A few minutes after 6 o’clock on February 27, the sky was dark and a light sleet was falling. The bone-deep dampness disappeared as I stepped through the automatic doors into the lobby of the hospital. After speaking with the receptionist, I stuck a thin white sticker labeled with my full legal name and a room number onto my coat. My lips moved beneath my blue paper mask, chanting directions. Repeating them into remembrance. Down the hall, turn right, get in the elevator. Press the button for Floor 4, turn left, go down the hall and turn left again. The room is on your right.

Elevator doors slid open. Fluorescent lighting buzzed. Nurses walked purposefully in and out of rooms. Ambient beeping filtered through murmuring conversations. I inhaled. The air on this floor seemed to have lazily settled like an icky phlegm-filled fluid. It was still and thick and I detested the way it smelled.

In front of me, Room 64. The second bed had my grandpa in it. He reclined in it, eyes closed. He is more than six feet tall. I had never seen him so small.

“Hey, Grandpa,” I whispered, as if any noise might puncture something.

“Hey!” He fumbled for the remote that would raise his bed into a position closer to sitting. “I didn’t know you were going to be here today!”

I shrugged. “I wanted to surprise you!”

“I’m so glad to see you!” He labored over his smile. Raising it up, knocking loose oxygen tubes. Readjusting them and rebuilding the grin. A lifting mouth, dimpling cheeks. My grandpa always smiles face first and his eyes squint closed. Breath rasping, quickening with the effort of just moving his arms. I observed an expression that took work. A happiness that was crookedly human, contrasting with the sterile beeping of the oxygen machine. (Until the beeping became loud and erratic and a nurse entered, and my grandpa admitted, “Sorry, I took the oxygen monitor off my finger. I was busy talking.” Because obviously you cannot wear an oxygen monitor on your finger and talk at the same time.)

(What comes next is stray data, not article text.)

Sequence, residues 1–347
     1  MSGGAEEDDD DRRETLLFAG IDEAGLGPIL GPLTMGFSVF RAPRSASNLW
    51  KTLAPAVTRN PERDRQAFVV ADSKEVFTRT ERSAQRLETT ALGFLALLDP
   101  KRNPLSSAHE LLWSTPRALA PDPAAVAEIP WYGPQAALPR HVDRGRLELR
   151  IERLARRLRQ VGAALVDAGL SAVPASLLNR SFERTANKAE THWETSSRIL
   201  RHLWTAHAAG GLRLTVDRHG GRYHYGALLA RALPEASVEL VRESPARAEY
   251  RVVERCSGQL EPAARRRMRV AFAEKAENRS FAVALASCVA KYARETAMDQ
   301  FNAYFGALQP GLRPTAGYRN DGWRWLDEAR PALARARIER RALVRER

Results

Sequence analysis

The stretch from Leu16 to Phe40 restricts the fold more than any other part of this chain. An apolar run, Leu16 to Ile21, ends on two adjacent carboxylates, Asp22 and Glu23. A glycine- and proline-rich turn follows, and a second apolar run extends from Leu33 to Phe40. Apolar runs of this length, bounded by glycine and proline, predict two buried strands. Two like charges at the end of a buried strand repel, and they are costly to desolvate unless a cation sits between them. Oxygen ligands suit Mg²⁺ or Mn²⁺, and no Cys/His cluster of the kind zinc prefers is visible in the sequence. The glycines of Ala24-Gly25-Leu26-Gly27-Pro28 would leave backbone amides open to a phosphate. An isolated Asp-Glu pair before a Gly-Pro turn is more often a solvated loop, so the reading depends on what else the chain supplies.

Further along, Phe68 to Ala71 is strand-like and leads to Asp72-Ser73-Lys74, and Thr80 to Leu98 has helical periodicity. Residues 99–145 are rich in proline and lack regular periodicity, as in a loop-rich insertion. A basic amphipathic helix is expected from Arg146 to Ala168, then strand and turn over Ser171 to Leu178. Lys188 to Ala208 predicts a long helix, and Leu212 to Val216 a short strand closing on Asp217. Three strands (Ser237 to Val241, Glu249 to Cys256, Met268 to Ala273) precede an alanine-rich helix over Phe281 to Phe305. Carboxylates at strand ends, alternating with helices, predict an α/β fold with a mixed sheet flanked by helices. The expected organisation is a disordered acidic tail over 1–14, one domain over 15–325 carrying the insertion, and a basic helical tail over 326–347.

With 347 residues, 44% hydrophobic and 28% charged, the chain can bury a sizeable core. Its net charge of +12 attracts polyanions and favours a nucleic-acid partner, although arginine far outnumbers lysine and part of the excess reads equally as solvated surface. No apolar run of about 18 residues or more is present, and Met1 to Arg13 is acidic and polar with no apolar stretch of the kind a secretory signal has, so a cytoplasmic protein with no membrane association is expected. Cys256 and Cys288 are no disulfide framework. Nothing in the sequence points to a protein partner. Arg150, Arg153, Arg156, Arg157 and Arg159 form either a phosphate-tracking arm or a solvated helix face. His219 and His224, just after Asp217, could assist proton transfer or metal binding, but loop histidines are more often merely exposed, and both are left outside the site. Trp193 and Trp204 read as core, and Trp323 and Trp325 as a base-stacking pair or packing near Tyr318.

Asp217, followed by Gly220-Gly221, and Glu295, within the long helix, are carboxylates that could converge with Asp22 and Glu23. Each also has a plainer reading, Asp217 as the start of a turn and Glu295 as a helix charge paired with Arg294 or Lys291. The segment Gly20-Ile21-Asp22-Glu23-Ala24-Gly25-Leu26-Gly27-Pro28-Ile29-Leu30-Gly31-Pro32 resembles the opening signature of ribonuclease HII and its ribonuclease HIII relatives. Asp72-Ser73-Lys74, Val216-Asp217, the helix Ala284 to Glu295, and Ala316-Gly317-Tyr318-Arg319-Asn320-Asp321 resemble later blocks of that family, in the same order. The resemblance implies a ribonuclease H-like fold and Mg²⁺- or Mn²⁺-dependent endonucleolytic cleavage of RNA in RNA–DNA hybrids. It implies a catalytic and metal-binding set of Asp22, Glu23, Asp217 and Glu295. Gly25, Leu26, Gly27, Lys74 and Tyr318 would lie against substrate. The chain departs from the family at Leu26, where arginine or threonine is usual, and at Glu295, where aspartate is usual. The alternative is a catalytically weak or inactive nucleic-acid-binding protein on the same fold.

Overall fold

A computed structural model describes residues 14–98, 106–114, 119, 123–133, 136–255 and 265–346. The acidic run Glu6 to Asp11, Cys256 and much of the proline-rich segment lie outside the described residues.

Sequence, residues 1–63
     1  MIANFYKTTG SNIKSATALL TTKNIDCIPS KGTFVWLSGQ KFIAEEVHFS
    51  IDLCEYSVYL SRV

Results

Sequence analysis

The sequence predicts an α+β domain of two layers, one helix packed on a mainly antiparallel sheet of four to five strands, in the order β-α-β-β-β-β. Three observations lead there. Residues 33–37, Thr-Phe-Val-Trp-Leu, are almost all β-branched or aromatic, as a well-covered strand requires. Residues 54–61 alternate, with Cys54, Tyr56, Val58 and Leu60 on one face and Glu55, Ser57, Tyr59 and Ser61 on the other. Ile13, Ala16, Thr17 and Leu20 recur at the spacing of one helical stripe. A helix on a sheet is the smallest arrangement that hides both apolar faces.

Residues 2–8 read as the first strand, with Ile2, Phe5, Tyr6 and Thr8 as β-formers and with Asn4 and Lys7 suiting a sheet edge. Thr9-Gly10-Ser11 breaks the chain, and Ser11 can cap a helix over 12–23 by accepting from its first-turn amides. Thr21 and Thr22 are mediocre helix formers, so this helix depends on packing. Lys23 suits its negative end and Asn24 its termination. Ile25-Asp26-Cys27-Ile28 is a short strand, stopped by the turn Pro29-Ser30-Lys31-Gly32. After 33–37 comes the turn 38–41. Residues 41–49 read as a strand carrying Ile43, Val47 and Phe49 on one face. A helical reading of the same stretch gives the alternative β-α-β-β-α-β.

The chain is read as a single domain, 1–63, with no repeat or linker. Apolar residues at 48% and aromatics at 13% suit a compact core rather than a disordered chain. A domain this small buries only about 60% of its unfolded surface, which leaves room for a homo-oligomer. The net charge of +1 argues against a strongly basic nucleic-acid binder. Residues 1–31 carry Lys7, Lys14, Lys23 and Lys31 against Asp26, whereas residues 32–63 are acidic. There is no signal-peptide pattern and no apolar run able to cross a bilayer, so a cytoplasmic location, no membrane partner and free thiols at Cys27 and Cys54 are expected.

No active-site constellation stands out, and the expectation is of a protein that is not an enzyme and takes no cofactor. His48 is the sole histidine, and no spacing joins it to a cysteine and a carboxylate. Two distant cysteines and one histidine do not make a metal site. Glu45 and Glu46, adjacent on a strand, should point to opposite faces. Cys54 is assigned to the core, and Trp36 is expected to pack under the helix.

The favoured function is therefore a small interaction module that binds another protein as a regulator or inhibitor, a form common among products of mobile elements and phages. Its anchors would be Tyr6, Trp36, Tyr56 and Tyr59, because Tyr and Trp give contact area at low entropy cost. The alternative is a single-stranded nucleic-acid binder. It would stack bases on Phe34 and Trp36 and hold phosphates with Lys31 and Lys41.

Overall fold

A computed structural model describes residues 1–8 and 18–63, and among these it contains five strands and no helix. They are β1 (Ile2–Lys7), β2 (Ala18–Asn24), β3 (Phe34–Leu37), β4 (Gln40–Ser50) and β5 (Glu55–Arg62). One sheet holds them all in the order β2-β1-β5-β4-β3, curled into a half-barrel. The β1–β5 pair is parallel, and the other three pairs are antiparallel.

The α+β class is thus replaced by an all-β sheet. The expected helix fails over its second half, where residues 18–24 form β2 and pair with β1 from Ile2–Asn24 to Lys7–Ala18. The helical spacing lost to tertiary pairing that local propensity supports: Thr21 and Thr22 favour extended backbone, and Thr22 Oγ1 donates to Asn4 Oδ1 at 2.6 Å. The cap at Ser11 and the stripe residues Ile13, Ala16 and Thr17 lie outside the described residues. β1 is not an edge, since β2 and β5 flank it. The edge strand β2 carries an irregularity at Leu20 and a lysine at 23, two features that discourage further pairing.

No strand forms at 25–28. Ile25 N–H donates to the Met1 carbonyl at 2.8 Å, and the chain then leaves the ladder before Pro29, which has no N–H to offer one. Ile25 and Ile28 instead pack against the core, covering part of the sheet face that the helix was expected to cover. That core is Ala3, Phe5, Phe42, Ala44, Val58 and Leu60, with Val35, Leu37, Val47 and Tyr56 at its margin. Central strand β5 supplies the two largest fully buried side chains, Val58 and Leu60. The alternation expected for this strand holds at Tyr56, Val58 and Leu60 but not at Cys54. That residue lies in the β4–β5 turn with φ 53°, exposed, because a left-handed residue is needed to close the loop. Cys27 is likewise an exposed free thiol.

We talked, we laughed. He grew tired. Our visit drew to a close. I retraced my steps through the labyrinthine hallways. My phone buzzed, revealing a message from my aunt, who was in the lobby. Visitors were limited, so I’d need to pass my visitor badge off to her as I left.

We spoke by the sliding automatic doors, underneath a plaque with the name of the hospital. She pointed to the sign and said, “This is an important hospital. This is where my daughter was born. On my records, it says I was in labor for one hundred hours with her! One hundred hours! I need to save that and show it to her when she’s old enough to understand how much work that is.”

On the drive home, I thought about how much love went into labor. Or perhaps, the amount of labor in love. The Sisyphean task of keeping your own human body alive. To breathe in, and out, and in, and out, for what feels like forever but cannot be. And then, to love one another on top of all that.

Twelve days later, my grandfather was released from the hospital. He attended my cousin’s first birthday party–the little girl who had spent one hundred hours being born. I drove five hours after work that weekend. I tediously tied purple balloons just so and was directed on where the unicorn decorations must hang and then rearranged all of the rainbows. (Because obviously one-year-olds and their toddler friends are picky about how much work goes into their party decorations.)

We had cake. We opened presents. Tired eyes drooped on grandchildren and grandparents alike. Hugs, kisses, and expressions of thank yous dissipated into the evening springtime air.

Love is laboring to smile, laboring for a child, laboring over party decorations that don’t really matter. How laborious love can be. How worthwhile.

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